This being so, why has the RCMP been dragging its heels on personal cameras? Surely the blame for any “inconsistencies” that could be resolved by an inexpensive equipment purchase must be assigned to the force itself. Body cameras are in use elsewhere, and early studies suggest that they reduce the quantity of both citizen complaints against police and uses of violent force by them. Having video from three or four vantage points of the Matters shooting might in itself have already paid for the initial purchase of cameras for the entire RCMP, especially since the IIO report now looks pretty unsatisfactory and may have to be revisited when the coroner (who cannot lay charges) is finished his work.


Editorial: A century of goodwill is getting blown away

  1. The cops can shoot someone, lie about the circumstances, and nothing is done.
    No wonder James Roszko decided to get the first shots in.

    Of course it wasn’t a fair fight even though he was facing four rcmp.
    James Roszko could shoot back, and the cops only shoot people who are unarmed.

    • What is even more sobering about the incident you refer to is that the RCMP, with all the assets at their disposal, were too inept to establish a secure perimeter.

  2. This is all a fallout from the Dziekansky verdict. The RCMP learned from that they can kill whoever they want, lie on the stand and get away with it even though it was shown in court with video evidence that they lied.
    If that doesn’t send the wrong signals what would?
    But the problem is the whole stinking justice system that stick up for each other at the cost of lives.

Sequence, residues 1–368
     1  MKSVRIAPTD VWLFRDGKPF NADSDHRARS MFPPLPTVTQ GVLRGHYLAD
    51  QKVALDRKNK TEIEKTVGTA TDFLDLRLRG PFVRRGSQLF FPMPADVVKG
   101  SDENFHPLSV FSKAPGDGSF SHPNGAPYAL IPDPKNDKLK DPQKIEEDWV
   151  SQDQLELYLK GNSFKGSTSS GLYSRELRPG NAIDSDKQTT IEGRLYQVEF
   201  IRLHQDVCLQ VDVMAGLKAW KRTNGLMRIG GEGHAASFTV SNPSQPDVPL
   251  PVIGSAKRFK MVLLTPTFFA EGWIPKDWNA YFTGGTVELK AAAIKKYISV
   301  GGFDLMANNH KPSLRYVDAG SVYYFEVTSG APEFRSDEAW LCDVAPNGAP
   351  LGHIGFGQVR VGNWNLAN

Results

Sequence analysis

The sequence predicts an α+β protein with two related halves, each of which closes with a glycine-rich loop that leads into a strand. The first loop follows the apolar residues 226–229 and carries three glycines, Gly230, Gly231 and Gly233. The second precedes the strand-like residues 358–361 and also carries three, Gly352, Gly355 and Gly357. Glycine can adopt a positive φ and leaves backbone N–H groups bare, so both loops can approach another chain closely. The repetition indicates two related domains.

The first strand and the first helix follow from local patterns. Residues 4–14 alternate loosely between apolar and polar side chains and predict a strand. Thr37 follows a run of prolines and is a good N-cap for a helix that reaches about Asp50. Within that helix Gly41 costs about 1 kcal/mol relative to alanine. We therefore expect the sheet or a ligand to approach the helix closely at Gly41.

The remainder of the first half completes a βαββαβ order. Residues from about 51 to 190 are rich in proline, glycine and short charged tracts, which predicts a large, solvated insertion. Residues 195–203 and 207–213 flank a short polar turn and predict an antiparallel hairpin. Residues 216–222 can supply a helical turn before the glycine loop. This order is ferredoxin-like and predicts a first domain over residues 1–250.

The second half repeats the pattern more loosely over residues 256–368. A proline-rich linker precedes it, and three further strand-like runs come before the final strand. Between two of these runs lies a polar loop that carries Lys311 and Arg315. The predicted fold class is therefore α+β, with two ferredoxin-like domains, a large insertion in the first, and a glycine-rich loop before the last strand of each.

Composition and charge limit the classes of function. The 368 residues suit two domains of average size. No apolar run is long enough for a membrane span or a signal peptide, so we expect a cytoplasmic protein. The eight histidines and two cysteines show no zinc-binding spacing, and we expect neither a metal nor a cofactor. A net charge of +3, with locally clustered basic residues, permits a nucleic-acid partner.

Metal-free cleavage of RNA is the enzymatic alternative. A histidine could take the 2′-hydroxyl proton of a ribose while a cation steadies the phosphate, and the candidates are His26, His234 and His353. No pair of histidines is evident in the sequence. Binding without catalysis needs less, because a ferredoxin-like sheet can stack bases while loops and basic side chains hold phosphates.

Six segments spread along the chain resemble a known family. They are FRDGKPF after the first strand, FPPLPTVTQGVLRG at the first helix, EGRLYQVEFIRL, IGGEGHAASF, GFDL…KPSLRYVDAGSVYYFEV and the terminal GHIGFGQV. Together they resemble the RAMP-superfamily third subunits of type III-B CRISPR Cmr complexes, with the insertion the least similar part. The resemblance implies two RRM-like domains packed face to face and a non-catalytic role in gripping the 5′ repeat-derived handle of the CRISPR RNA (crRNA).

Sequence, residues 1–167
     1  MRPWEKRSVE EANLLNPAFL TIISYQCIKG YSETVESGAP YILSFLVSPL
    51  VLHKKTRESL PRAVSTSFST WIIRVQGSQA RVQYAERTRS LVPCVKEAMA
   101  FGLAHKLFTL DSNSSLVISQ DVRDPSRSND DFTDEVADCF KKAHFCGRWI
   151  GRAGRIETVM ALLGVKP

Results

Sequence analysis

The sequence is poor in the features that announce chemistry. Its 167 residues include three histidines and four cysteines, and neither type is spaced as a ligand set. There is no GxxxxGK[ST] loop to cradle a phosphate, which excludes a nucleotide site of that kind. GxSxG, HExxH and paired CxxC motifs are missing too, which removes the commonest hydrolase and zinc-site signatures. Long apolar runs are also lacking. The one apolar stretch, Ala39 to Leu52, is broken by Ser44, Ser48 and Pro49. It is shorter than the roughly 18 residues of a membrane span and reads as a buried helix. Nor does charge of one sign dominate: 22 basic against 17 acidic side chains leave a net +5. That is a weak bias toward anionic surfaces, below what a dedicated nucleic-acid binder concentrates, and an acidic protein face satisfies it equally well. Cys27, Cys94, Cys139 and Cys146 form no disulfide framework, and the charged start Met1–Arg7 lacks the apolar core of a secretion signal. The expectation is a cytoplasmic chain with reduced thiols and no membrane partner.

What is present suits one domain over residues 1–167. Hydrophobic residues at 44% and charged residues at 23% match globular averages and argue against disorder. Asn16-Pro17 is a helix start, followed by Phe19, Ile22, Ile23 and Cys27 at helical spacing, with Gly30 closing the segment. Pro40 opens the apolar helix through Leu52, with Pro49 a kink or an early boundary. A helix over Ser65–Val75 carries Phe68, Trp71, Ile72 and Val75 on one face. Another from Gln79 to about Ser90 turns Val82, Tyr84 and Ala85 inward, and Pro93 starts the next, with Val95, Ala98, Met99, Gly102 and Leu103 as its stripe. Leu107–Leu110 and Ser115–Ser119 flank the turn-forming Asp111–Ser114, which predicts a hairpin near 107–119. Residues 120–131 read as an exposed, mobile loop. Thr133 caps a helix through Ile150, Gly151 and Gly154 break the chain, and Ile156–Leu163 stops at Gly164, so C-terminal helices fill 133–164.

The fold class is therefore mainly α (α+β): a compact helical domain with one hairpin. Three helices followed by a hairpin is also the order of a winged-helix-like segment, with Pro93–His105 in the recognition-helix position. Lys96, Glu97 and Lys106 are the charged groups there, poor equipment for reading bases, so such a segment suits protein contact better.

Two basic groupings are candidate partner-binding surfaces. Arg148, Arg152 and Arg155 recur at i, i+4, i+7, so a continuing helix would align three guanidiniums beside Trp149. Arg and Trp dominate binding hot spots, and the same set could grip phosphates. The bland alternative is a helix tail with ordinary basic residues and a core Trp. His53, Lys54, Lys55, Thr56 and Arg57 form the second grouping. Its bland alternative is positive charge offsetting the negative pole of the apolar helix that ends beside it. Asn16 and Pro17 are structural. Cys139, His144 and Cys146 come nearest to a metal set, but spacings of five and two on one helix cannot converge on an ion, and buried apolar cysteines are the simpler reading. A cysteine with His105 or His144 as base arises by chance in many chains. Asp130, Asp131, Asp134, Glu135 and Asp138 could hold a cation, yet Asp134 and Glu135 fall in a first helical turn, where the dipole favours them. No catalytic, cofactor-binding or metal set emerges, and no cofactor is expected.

• Or that with all the other corruption too, government and its politicians/employees are above the law and no longer accountable to the people. I call it the ruse of democracy, as none of the parties represent middle class or moral decency, just a placatory party for each demographic all with only big unaccountable unethical government treating us like debt-tax slaves of corrupt state.

      Our votes are useless. A stage show where government always wins and the people always lose be it the tax man, senator/MP corruption or RCMP abuse.

  3. They still haven’t apologized for the murder of striking workers in Estevan back in 1931. Plus ca change…

  4. In the age of armchair quarterbacks the posts so far seem to resemble this low form of opinion. The police acted to keep their community safe. We can agree the heroes so far that have posted would be no where close to this axe waving mentally ill person, thank god the police were there.

    • The police, having received some crucial information which they chose to disregard, encircled a guy holding a hatchet, and fired on him using high powered rifles. The reach of a thrown hatchet compared to that of a high powered rifle, in and of itself, speaks volume about the attitude of the law enforcement community.
      This more recently evidenced taste in clothing fashions on this type of incident equally betray an attitude of them vs us.

      • Living in rural areas carrying a hatchet means nothing. Its like killing a city dweller for driving a car or carrying groceries. So do we start shooting people in parking lots because that bad might have something else than groceries in it?

        Carrying a hatchet, knife or axe isn’t an uncommon thing to do on a rural property, especially if you want to cook dinner tonight.

    • You have no idea what you’re talking about. Average citizens deal with these kinds of people every day. They just don’t kill them. I didn’t even kill the guy who stabbed me at work as a cabbie. I just kicked the bejeezus out of him.

    • Evidence from the coroners inquest showed that Greg’s fingerprints were not on the hatchet found several metres away from his body. In addition one of the bullets that went through Greg’s back lodged itself in Greg’s right forearm. The trajectory of the bullet indicated that Greg’s right arm was right next to his body when he was shot. He was dominant right-handed and could have not been waving a hatchet when this happened. If you watch the news documentary called ‘The War Zone’ by W5, you will find out what happened in the lead up to Greg’s death and hear from the police recordings that Greg was calm and didn’t know that he was being ambushed by men hiding in the bushes in combat gear with M-16s pointed at him. In addition, PTSD is an injury and not a mental illness.